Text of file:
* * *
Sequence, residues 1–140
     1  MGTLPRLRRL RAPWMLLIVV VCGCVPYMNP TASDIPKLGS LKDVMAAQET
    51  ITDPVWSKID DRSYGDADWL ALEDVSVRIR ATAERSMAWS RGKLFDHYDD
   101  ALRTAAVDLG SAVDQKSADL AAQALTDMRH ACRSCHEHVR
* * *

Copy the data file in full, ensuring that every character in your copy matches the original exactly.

Sequence, residues 1–140
     1  MGTLPRLRRL RAPWMLLIVV VCGCVPYMNP TASDIPKLGS LKDVMAAQET
    51  ITDPVWSKID DRSYGDADWL ALEDVSVRIR ATAERSMAWS RGKLFDHYDD
   101  ALRTAAVDLG SAVDQKSADL AAQALTDMRH ACRSCHEHVR